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Gordon, P. (1996). On looking and relating: the films of Wim Wenders. Free Associations, 6(4):568-577.

(1996). Free Associations, 6(4):568-577

On looking and relating: the films of Wim Wenders

Paul Gordon

Wim Wenders and I got off to a bad start. It was a Friday evening in winter in the late seventies and, having nothing better to do, I went to the university film society to see his 1976 film, Kings of the Road. I cannot now remember what, if anything, I expected but what I saw was a film quite unlike any other that I had ever seen: a contemporary film, yet one shot in black and white, three hours long (and so it certainly seemed) where nothing much seemed to happen and which included, moreover, a shot of a man taking a shit in the middle of a field which left nothing to the imagination. I would be lying if I claimed that I enjoyed it, but it made an impression. I would remember it for a long time, before I came to love it and value it among Wenders' best work. More immediate was the impact of Wenders' next film, The American Friend (1977), a taut thriller which left me shaking and which still has the power to do so, even after many viewings, but something more.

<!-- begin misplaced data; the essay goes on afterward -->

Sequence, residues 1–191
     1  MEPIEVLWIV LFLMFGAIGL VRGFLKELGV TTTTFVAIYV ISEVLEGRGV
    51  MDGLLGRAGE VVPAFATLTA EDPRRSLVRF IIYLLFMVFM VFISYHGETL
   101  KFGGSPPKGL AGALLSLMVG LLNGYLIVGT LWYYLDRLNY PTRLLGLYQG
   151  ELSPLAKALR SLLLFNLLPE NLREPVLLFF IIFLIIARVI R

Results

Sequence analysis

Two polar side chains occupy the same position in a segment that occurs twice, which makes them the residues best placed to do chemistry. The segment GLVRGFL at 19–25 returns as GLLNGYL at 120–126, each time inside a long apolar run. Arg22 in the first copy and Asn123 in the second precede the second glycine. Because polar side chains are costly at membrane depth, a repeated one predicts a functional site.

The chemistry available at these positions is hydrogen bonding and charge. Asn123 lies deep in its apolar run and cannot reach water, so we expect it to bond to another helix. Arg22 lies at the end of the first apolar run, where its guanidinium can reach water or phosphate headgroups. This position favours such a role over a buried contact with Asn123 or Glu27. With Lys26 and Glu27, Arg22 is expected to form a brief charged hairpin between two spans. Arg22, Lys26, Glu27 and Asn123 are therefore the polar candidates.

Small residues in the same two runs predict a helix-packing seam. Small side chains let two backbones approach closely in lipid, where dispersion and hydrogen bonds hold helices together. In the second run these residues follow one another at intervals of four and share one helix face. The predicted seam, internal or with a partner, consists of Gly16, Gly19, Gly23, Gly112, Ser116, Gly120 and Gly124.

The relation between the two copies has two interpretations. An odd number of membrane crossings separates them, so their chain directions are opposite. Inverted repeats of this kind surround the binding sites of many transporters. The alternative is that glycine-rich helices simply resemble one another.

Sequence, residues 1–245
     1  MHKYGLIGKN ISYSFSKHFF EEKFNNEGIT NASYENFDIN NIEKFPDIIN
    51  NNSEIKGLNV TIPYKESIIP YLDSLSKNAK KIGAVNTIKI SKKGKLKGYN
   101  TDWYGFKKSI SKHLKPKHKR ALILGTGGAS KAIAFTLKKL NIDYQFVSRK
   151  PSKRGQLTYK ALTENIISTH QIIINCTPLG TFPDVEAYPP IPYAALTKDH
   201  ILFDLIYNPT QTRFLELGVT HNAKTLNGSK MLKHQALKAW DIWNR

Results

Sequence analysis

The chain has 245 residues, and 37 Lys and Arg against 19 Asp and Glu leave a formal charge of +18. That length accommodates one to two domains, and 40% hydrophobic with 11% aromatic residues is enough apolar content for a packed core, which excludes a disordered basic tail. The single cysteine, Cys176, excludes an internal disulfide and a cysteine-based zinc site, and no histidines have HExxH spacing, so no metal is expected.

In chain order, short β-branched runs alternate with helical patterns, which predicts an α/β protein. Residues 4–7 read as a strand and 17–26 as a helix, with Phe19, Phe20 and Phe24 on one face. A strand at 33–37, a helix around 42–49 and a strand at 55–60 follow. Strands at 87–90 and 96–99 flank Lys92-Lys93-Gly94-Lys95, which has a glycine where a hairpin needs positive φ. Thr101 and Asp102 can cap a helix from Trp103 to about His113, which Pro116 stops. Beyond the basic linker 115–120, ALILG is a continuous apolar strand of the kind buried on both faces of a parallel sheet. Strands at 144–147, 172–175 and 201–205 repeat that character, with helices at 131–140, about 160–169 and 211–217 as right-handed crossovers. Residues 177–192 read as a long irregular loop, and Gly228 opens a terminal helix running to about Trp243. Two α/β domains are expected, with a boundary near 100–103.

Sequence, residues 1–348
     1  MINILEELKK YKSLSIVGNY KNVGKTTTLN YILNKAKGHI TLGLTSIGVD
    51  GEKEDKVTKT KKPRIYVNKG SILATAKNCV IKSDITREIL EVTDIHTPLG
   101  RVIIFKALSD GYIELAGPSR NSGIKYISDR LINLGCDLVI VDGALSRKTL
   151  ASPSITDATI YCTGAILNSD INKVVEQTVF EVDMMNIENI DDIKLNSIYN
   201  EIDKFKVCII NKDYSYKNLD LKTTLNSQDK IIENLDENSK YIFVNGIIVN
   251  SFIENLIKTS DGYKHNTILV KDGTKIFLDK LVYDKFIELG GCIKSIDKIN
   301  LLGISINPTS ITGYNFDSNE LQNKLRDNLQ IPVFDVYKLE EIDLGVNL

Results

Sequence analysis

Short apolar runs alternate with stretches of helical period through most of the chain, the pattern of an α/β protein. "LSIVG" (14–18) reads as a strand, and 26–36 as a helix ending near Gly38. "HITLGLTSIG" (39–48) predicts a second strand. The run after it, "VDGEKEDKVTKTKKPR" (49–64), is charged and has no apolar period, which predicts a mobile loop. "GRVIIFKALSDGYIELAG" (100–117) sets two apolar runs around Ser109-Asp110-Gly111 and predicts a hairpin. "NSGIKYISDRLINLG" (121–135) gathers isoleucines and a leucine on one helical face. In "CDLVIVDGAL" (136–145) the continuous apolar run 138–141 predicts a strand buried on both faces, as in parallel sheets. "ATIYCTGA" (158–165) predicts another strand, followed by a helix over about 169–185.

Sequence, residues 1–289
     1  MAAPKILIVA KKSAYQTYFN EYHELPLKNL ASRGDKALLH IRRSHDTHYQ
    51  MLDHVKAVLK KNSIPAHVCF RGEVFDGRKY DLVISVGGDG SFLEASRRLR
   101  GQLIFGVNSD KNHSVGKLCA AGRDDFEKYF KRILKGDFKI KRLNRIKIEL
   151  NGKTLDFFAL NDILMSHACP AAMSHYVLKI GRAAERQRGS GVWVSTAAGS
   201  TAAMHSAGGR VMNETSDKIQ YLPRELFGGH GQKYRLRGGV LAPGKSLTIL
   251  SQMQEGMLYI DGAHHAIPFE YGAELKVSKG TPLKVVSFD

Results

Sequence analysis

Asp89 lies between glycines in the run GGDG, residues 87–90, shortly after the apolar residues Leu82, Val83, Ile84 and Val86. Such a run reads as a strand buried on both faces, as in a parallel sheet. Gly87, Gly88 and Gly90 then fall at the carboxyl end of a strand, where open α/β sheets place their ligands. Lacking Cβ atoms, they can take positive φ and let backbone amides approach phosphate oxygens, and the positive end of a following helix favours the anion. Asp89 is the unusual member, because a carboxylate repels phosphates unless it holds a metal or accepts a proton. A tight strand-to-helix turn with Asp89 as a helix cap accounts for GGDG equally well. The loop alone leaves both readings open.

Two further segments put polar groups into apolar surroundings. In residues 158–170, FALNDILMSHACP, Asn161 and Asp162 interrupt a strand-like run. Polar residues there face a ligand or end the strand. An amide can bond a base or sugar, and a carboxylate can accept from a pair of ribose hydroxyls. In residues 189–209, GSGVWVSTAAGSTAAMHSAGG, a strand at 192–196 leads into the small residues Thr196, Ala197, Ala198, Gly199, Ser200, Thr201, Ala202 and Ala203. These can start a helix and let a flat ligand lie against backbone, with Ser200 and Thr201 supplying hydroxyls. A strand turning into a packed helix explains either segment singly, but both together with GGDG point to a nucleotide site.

My fondness for Wenders' films has often perplexed me. Here, after all, was a director who seemed to eschew the more overtly political film-making of many of his colleagues in the new German cinema—Fassbinder, Schlondorff, von Trotta, and others—and which I found both laudatory and impressive. Although an early short film of his, Polizeifilm (1969), dealt with the policing of political demonstrations, Wenders took no part, for instance, in the collaborative film, Germany in Autumn (1978), the radical German cinema's response to the events surrounding the killing of Hans Martin Schleyer by the Baader Meinhof group. Wenders, by contrast, seemed to be making a different kind of film.

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